Akram Khan’s Xenos is a powerful achievement by an artist at the top of his game

XENOS choreographed and performed by Akram Khan (Canadian Stage/Akram Khan Dance Company). At the Bluma Appel (27 Front East). Runs.


XENOS choreographed and performed by Akram Khan (Canadian Stage/Akram Khan Dance Company). At the Bluma Appel (27 Front East). Runs to October 21. $51-$111. canadianstage.com. See listing. Rating: NNNN

Artistically, the military experience is frequently explored. But in the hands of UK-based dancer/choreographer Akram Khan it seems there are still many nightmare angles and shades of tragedy to uncover.

The solo work Xenos (Greek for “stranger” or “other”) is Khans ode to Indian soldiers fighting for Britain in World War I. Blending contemporary movement and the kathak classical forms in which Khans practice is rooted, its an impressionistic hour-long dreamscape in which the body struggles to hold its own amidst forces exerted from all directions.

Xenoss exquisite production values are a finely tuned balancing act. The performance area (designed by Mirella Weingarten) is sharply raked, suggesting the inclined sides of a trench its the source of several stunning effects. Every once in a while the companys fine musicians and vocalists appear in a lighted rectangle above the set, alternately sweet-sounding and menacing ghosts or witnesses. Props beget images: Khan unwraps the string of kathak bells that circles his ankles, using them to suggest a marionette, then a bandolier of bullets strapped to his chest. Organic elements fibre ropes, dirt, pinecones, human voices offset the repetitive and regimental precision of the staging.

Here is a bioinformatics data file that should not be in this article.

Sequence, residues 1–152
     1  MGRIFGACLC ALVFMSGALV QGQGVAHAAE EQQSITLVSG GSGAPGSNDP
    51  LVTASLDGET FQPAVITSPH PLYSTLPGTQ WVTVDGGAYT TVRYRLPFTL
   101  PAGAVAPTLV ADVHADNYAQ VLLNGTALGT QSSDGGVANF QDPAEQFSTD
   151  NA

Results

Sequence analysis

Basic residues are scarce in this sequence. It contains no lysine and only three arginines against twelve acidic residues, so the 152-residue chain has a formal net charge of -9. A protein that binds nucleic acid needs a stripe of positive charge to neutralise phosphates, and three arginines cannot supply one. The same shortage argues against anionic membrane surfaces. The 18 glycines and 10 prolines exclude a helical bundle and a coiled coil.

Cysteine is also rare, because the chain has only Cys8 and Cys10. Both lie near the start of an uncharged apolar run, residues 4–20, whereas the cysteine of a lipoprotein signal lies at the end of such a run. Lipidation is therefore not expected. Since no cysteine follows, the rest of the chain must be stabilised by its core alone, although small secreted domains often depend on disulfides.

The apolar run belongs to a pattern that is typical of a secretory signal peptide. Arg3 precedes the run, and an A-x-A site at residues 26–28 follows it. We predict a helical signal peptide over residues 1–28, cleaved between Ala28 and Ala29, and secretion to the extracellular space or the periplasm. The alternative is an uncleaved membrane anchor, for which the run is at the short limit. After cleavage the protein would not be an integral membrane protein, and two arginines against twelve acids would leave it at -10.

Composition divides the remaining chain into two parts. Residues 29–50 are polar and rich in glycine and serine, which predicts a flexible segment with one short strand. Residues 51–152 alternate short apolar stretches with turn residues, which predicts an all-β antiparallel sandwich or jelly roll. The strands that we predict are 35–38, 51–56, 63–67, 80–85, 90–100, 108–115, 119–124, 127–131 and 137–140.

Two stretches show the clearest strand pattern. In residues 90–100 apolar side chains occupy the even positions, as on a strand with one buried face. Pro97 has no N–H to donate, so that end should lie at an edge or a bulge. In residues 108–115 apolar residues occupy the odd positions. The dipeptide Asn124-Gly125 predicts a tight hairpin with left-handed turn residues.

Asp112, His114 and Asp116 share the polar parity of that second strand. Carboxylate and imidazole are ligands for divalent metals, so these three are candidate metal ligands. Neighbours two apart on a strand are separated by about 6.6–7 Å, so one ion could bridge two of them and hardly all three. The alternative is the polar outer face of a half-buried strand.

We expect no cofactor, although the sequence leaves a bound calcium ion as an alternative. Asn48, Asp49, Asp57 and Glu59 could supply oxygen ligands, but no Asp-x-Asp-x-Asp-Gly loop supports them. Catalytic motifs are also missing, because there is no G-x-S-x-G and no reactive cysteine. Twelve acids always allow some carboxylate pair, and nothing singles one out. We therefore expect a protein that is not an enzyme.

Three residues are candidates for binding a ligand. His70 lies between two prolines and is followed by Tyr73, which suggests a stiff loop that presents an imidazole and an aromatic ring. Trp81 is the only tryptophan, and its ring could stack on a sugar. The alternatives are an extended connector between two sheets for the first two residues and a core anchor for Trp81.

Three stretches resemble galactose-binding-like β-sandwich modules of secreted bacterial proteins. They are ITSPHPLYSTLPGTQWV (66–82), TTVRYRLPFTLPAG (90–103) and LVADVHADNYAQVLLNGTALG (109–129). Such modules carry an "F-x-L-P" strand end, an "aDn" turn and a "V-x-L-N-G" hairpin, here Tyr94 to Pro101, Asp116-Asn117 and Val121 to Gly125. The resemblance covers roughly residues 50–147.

And Vincenzo Lamagnas score and sound design is mighty, a constant presence onstage even when the musicians retreat, with mechanical clicks and alarms and the sound of booming thunder or heavy artillery underpinning the action.

Fragments of traditional songs, a roll call of soldiers names, all Indian, crackly voices emanating from a gramophone-horn-turned-intercom-turned-searchlight the organization of these sensory elements is near-perfect (though at times I had to struggle to hear some of the very minimal text written by Jordan Tannahill).

But Xenos is still visceral, corporeal frailty and strength always front and centre for those watching.

Thats largely because Khan is simply riveting to watch, spinning like a fury, wrestling with his ropes, working that 45-degree incline over and over. When not unleashing a barrage of continuously flowing movement he catches an uneasy rest, pausing amid the hallucinatory fog of war and its aftermath. At one point he wraps the ropes around his head like a turban, obscuring his face, and performs a delicate dance with arms undulating like wings and fingers fluttering like a bird.

These moments of troubled peace and poetry collapse suddenly with a (literal) bang and we are startled out of our seats by the violence that has been lurking all along. It happens with a frequency that begins to feel formulaic by the end of the evening.

Yet Xenos is a powerful achievement by an artist at the top of his game, full of potent images that keep us thinking long after we leave the theatre.

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